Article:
11.13.09, 9 am - Edited to Add:I woke up to the sound of the phone ringing today, at around 8:45. As soon as I got off, I walked downstairs to let the cat out - and the leaves were gone. Lord knows how the trucks can wake me from several blocks away but running a giant fan right outside of my house doesn't stir me at all. Speaks volumes about the nature of the sleeping brain, no?

Wednesday, November 11, 2009

Fully Packed with the Devil

The Approach, Pt. 1

Not that it's such an original observation, but the '9' years - you know, 29, 39 and, presumably, 49 - are probably even a bigger drag than the huge milestone years they precede. Because the '9' year is the point where you simply can't beat around the temporal bush anymore: no longer 'getting old,' now you're just 'old.'

Which wouldn't be such a bad thing in and of itself - youth is wasted on the young, and I was no exception, except that I hated all of the things that came with being young and just wanted to get into the comfortable routines of middle age. But the problem for people of my generation with aging is the cognitive dissonance that sets up between our chronological age and our emotional age. I'll put it this way, readers of my generation: do you picture your father logging in to a few hours of World of Warcraft after a day at the office?

What faustian bargain was collectively struck back in 1970 that allowed us to keep our sense of play as we aged? And what did we promise in return?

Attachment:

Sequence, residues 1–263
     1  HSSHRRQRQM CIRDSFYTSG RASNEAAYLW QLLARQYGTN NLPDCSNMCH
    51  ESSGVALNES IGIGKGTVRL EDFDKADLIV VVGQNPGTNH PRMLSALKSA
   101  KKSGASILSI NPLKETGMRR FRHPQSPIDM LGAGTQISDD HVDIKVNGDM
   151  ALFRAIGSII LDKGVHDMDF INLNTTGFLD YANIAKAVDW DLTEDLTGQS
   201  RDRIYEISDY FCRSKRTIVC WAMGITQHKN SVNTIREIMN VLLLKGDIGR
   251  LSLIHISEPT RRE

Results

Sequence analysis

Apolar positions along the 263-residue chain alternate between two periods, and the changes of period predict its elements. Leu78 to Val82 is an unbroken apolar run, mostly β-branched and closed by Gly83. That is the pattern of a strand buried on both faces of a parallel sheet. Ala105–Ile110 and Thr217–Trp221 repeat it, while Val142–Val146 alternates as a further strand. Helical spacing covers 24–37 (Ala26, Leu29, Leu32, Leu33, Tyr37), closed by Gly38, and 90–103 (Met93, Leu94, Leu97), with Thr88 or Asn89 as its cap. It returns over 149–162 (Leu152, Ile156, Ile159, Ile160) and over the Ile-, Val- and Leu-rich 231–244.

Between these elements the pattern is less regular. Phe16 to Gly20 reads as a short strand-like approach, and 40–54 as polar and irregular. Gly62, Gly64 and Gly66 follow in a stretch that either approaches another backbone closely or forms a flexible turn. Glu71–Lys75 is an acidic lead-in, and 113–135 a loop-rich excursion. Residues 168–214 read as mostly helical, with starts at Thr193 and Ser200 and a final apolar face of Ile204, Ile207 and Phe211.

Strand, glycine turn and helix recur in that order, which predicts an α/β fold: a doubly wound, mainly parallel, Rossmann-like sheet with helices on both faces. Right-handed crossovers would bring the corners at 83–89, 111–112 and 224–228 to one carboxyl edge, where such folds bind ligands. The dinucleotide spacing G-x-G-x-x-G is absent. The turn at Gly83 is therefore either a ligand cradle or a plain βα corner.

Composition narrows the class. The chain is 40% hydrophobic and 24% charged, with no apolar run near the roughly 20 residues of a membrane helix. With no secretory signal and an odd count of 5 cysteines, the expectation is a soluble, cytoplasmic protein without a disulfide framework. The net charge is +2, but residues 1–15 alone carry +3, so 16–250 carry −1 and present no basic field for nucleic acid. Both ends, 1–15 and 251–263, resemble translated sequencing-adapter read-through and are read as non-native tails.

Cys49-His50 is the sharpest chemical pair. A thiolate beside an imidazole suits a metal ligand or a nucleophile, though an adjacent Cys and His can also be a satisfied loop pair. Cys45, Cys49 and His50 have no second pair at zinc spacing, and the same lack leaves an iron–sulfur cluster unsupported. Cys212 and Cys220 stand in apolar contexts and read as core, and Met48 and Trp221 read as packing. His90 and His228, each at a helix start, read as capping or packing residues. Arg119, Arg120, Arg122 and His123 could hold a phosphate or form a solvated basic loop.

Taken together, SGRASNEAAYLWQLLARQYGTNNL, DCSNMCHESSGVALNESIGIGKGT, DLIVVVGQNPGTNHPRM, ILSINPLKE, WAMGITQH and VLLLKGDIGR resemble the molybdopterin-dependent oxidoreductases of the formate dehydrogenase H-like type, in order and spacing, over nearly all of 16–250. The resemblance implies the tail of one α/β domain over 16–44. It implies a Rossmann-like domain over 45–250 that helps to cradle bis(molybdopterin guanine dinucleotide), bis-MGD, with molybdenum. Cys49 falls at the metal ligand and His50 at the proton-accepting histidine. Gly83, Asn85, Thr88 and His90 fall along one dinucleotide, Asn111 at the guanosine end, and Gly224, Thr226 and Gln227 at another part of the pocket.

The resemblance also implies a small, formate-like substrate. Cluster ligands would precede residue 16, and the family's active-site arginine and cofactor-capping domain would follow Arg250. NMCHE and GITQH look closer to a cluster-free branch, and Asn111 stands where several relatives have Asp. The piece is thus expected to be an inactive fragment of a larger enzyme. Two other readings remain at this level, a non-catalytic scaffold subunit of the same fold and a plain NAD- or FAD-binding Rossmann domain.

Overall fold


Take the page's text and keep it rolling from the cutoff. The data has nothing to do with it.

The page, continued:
Tick Tick Tick

They've made digital doorbells that 'sound' 'like' actual doorbells, cell phones with ring tones that ring like the phone in a 1940's detective thriller, etc. Has anyone yet thought to make a digital clock that ticks like the real thing? Surely there are few more soothing sounds than the regular ticking of a clock. Veterinarians recommend wrapping one in a small blanket for kittens to help them sleep (reminds them of mommy's heartbeat, I guess).

Thing is, like all the other senses, sound is one of those things that's very difficult to fool - we pick up on ersatz sounds very easily. Even if you don't pay attention to such things, you might hear a digital piano in a song - no matter how well done - and think to yourself that it sounds a little off. I can just imagine that what we think of as a regular, unchanging sound - the clock's inflexible up/down ticking rhythm - is actually made up of a million tiny variants in tone. Each tick and every tock as individual as snowflakes. The digital version would just be one tick, and one tock, cycled over and over and over again, and we'd know it's wrong, because it would never change - whereas the real world is constantly stumbling over itself.